Last Updated on Tuesday, 25 January, 2022 at 10:25 am by Andre Camilleri
In light of the Malta Film Week, a week full of events which strives to further appreciate the filming industry in Malta, Minister for Tourism and Consumer Protection Clayton Bartolo launched ‘Vision 2030,’ on Monday, a series of investments to ensure Malta becomes a world-class film hub.
Acknowledging that over the years, Malta’s filming industry has managed to produce some of the best-known blockbuster films, the government has ambitions in transforming the local filming industry into a world-class, full-fledged year-round industry which contributes greatly to the country’s economy, said Bartolo.
Bartolo said that no industry can survive without the necessary resources it needs to be sustained. He added that the focus will not be solely on a particular investment, but rather building a robust industry based on four pillars: infrastructure, film culture, education, and human resources as well as finances.
“Government has fully supported the Malta Film Studios infrastructural investment which saw the building of new facilities which catered to the demands of the new facility,” said Bartolo, adding that government will be building the country’s first sound stages, which will raise the industry’s standards for local and foreign filmmakers.
‘Vision 2030’ aims to place the indigenous industry at the core, supporting the filmmaker’s efforts and addressing their challenges, Bartolo said, highlighting that the industry’s best asset is its workers.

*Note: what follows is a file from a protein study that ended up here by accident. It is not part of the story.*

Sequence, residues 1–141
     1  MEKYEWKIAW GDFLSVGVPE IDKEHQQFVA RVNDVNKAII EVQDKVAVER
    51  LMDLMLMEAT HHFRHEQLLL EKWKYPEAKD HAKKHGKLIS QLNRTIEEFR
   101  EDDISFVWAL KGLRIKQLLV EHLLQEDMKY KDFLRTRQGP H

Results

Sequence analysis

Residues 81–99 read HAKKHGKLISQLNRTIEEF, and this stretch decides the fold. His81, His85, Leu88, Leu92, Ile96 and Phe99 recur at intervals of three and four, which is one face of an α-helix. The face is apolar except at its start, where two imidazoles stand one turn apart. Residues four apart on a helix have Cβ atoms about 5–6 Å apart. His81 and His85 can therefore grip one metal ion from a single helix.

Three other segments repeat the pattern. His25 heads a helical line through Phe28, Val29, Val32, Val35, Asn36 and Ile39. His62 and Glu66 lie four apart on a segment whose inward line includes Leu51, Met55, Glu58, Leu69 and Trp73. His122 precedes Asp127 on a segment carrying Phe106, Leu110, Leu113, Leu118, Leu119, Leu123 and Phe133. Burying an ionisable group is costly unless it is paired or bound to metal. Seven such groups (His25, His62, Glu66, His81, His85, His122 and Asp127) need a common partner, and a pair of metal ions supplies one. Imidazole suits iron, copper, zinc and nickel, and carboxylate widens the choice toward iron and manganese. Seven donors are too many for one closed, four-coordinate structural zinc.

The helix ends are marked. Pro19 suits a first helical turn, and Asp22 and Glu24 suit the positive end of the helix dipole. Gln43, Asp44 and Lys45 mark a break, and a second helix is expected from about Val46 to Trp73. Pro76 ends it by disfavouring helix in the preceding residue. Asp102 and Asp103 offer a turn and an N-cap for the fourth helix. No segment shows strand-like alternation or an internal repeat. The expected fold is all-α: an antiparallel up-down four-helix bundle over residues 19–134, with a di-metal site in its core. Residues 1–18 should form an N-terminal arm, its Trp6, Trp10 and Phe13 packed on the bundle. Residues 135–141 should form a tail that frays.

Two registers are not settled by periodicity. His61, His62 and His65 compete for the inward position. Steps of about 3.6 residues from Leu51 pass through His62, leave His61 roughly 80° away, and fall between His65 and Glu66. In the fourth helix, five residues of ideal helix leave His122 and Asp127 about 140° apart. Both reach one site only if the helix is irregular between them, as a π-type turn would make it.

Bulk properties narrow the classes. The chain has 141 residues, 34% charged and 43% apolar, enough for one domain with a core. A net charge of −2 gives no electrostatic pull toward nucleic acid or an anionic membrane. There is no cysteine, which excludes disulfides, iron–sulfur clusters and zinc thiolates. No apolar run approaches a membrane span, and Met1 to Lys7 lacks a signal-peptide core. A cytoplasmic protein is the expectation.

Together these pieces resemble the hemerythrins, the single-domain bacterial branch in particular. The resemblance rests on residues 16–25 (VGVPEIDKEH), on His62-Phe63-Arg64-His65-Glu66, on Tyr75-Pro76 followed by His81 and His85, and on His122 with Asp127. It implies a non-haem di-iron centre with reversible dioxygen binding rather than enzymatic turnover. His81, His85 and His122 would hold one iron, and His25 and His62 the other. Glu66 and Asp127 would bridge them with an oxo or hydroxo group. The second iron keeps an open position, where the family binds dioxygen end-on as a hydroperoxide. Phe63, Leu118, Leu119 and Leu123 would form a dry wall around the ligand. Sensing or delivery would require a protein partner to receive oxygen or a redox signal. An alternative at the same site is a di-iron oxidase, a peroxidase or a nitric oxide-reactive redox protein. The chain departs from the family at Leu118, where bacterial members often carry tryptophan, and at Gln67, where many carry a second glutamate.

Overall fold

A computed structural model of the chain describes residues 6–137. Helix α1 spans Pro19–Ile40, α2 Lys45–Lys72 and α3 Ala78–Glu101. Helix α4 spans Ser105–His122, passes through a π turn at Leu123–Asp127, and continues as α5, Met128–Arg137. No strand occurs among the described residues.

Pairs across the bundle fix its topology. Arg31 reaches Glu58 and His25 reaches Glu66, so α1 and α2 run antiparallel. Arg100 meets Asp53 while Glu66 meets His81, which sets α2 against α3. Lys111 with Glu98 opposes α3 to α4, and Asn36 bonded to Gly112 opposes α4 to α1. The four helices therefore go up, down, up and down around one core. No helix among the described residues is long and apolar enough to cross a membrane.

The government’s next aim is to seek alternative sources of finances rather than the industry depending solely on government funds, Bartolo said. It will also invest in a proper training institute to better train the individuals in the filming industry, attracting more creative individuals towards the sector, putting the film industry at the forefront of Maltese economy.
Malta’s Film Commissioner Johann Grech addressed the event, envisioning better working conditions in a more structured and established infrastructure and better working conditions, creating a strong resilient film industry.
“The film industry generated €98 million into the country’s economy, even during the pandemic,” Grech said, adding that the industry created more job opportunities for those who have lost their jobs due to the pandemic.
The government has recently upgraded the cash rebates for filmmakers, making the financial guidelines more attractive to the film industry, particularly the local film workforce. Productions which satisfy a cultural test can benefit from a rebate up to 40% of eligible expenditure, which brought millions to Malta’s economy, said Grech. 2019 saw 22 productions done within the span of a year, he added.
“In just three years we’ve created over 2,000 jobs in the industry,” he said, adding that there is still work to be done, striving to remain competitive and refining financial incentives.
The government is also looking to work on a plan for restoration of Fort Ricasoli, a hub for filmmakers. Grech said that it is important to expose and encourage youth towards the film industry, while also pledging to invest in film infrastructure, creating 1,000 more jobs within the industry.
“After 40 years of no investment for the film industry, we must celebrate the benefit of film and become a catalyst for the sector,” said Grech.
Permanent Secretary for the Ministry for Tourism and Consumer Protection Ronald Mizzi also addressed the event, emphasizing the industry’s mega importance to the country’s economy.